I am hardly awake. Yet Kurt Nahar his request, to give context of my work, knocks at my door. He needs this for tours he gives during the exhibition UMA STEN (Female Voices) at Readytex Art Gallery in Paramaribo, Suriname. With, among others, tumpi flow represented in the conversation. She attends the table with several volumes of the series Negro Bible. Even though I am peacefully focusing on my ‘diplomatic mission’ to Rio de Janeiro, it would have been great to physically interact with Nahar’s staging of these voices. His request is perfectly timed, since these series popped up in conversation with Yhuri Cruz this week.
Cruz constructed the concept NEGROTIATION. When I heard about this concept for mid June, I again found another connection between his work and mine. Thus, seducing him into a collaboration was no difficult task. Even though I took the opportunity to get a glimpse of NEGROTIATION #1, presented at Instituto INCLUSARTIZ with the show Gamboa: nossos caminhos, I would be willing to travel back to Rio de Janeiro from Sao Paulo for a day and interact with Cruz’ negotiation of June. Taking in consideration that, like myself, Mbembe’s Critique of the Black Reason has been a manual for inspiration to him. No wonder that during our encounters, it felt as if I was in front of a mirror. That moment Cruz confirmed willingness to co-curate a presentation at Despina was a Levinan encounter: the unconscious appeal that relates to the self as a sensitivity to others, in the sense of a spontaneous involvement (Keij, 2021).
Like he says: “I prefer to perform the night’s mystery during the day.” As seen through the encounter, I see in Cruz a giant reflection. Through this mirror-effect, I find peace of mind and I can begin to unfold what Nahar requested. My contextualization of the Negro Bible:
This series follows the trilogy KROYWARA. The third script of this play remains unfinished. In Dray Baka (to return) the protagonist is a psychopath who thinks he is god and aims at writing a negro bible. In an attempt to continue this storytelling, I decided to produce installations entitled Negro Bible: a dialogue that challenges the intersection of race, gender, and place. In relation to the process PSYCHOMAMIO, this conversation consists of 66 diaries of a journey made between 2016 and 2021. As a whole, the journal reflects on spiritual and socio-political issues based on personal reflections, encounters during artist in residency programs (such as AISA AYA), experimental projects (such as MISSION 21), and process questions (such as COUP 22); the road to my research deeep blue. As a mechanism operating on the basis of writing, color codes, and number languages among other technologies and gestures, this process entangles works of other artists with tumpi’s performances. In bringing visual and written creations together, I bring the political and the spiritual in confluence. Through this mechanism, I am also able to focus on three layers at the same time: the personal that holds what I perceive as spiritual and is the invisible aspect, questions of events related to a national context, and questions of geo-political scale as the global layer.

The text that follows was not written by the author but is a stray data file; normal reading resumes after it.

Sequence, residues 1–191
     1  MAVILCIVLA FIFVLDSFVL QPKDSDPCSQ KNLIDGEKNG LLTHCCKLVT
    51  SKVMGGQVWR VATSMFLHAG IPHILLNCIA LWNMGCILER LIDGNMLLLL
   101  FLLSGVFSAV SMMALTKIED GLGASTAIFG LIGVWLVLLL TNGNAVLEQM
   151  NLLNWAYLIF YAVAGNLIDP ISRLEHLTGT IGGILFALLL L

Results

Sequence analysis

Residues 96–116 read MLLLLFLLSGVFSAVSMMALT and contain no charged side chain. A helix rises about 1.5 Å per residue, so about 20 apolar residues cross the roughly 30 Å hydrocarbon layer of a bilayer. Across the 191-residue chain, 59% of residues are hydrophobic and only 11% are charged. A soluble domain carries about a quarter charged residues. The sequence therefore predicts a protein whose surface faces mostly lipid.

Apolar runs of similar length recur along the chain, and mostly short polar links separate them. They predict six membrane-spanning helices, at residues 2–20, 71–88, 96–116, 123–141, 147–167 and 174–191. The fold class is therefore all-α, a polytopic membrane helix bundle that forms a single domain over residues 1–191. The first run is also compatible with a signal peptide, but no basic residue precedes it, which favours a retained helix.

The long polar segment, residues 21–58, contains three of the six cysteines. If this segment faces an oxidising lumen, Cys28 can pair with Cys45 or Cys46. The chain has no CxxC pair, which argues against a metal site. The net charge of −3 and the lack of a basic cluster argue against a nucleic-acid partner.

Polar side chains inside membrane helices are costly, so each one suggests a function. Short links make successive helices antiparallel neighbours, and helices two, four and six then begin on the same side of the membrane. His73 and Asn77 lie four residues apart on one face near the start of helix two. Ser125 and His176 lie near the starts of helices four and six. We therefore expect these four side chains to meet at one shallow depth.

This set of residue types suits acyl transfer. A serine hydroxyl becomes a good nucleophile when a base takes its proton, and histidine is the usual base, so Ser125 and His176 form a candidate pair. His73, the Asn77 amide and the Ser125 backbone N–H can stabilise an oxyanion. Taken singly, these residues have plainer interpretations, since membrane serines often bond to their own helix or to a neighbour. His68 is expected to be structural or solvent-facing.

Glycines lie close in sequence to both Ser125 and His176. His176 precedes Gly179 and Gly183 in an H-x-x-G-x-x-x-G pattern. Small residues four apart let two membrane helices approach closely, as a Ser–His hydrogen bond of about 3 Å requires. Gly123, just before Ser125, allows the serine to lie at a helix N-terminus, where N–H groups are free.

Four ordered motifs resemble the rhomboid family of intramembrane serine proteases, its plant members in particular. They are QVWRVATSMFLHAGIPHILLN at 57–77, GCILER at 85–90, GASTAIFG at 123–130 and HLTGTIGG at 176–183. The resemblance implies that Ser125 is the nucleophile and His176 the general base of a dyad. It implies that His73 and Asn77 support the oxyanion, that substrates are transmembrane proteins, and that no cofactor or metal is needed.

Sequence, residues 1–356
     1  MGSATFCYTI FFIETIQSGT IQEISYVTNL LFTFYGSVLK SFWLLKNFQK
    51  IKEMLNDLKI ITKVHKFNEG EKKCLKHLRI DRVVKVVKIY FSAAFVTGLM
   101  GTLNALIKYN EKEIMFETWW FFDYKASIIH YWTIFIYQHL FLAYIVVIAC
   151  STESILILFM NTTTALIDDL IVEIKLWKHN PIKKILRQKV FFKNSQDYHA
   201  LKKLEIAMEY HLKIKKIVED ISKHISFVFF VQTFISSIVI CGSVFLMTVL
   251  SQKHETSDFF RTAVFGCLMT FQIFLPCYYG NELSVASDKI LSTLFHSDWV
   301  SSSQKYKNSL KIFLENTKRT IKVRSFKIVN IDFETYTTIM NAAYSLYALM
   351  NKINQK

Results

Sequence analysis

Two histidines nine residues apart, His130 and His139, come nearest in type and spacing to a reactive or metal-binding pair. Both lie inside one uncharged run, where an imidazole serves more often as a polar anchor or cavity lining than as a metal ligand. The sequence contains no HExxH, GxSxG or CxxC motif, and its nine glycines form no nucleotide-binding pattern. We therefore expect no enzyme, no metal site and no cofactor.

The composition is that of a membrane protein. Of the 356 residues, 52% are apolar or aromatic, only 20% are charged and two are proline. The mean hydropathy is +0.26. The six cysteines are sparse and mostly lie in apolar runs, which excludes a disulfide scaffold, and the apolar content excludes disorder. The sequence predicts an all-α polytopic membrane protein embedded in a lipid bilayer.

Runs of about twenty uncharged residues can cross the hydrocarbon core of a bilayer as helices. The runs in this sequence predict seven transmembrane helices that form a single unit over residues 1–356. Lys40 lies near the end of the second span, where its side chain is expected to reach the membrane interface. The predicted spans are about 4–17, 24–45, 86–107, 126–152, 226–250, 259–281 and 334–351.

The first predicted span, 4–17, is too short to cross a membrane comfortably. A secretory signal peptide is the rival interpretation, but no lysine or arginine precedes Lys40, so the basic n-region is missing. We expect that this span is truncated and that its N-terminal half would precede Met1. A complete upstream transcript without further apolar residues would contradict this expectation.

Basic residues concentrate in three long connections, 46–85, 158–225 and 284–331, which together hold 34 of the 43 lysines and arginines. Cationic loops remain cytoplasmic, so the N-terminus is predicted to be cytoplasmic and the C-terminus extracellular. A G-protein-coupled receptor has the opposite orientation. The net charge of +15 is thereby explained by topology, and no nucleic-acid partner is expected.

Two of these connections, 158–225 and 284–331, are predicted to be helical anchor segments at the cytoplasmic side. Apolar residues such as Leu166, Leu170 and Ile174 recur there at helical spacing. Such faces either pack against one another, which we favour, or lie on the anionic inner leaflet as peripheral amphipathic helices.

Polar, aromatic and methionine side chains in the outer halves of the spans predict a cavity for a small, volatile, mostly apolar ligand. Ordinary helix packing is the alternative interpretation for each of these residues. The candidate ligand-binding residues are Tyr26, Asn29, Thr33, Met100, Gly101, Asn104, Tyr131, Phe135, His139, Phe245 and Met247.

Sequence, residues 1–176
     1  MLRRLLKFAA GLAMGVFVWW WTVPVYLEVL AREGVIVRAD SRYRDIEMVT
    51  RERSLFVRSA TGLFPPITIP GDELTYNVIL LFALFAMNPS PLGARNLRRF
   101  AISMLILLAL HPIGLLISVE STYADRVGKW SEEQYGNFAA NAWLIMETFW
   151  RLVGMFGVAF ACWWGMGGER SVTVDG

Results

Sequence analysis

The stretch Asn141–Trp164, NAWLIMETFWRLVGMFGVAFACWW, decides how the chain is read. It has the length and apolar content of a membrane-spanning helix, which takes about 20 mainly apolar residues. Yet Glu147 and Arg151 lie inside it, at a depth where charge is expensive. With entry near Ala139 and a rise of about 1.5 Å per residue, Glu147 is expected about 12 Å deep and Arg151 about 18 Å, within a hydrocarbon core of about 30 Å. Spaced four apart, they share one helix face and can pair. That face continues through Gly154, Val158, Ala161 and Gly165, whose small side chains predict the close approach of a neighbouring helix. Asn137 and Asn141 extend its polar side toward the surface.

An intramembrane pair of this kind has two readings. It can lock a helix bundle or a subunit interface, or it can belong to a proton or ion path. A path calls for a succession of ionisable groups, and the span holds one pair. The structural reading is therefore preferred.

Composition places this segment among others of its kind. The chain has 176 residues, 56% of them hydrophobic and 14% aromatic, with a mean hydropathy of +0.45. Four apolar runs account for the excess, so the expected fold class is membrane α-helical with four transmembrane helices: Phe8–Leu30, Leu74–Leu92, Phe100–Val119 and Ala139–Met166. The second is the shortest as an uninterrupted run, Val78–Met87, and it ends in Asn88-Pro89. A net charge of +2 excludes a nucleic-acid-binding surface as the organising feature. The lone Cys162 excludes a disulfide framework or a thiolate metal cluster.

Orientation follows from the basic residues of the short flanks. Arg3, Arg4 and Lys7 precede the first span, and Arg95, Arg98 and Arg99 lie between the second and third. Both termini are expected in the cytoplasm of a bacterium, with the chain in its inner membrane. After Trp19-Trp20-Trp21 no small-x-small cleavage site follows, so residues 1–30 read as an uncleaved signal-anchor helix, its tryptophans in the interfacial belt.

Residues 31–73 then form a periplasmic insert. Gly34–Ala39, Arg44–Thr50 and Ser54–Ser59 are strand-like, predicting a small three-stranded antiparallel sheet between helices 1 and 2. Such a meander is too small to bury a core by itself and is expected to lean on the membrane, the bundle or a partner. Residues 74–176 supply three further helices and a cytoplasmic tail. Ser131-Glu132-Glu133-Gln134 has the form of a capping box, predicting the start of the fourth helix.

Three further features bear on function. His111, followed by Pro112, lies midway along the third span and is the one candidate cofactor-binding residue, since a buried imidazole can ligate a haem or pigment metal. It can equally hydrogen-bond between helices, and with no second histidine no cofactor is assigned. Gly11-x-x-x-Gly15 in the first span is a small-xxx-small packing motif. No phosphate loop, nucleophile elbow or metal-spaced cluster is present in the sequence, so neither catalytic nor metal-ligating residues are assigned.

KROYWARA is a journey that allowed me to decenter myself from my work. As Cruz argues: “I think of the curator as the body that is in service of the art manifestation.” Even though the artist is the vehicle of her practice, he performs at a level that transcends the personal; making the first layer in my work more relevant as an invisible space because it is only a ‘body’ to perceives knowledge that comes instantly and often beyond the conscious. I think of this as a tention between knowing and not-knowing or as one might say knowledge and intuition. The visible aspects of the work are socio-political conversations in space-time. They define the objects and their staging. Even though staging consist of carefully choosing and positioning gestures, it requires enough open space for spectator’s imagination that enforce their participation with the work. In my approach to curating, I quilt. Number 22 e.g. is essential in some instances. Depending on the correlations I find important, specific colors are defined, often related to imaginaries that are chosen to make the conversation specific.
I see Negro Bible as the reverse spell Code Blanc. In this sense, I use experimentation and play to contribute to alter colonization. To be clear: this is not decolonization! Another shared vision of Cruz’ collective pretofagia and my performance persona tumpi flow. In their vision decolonization equals colonization. That’s why I look forward to continue the dialogue with Code Noir in a presentation that intends a longterm relationship, kicked off with my residency at Despina.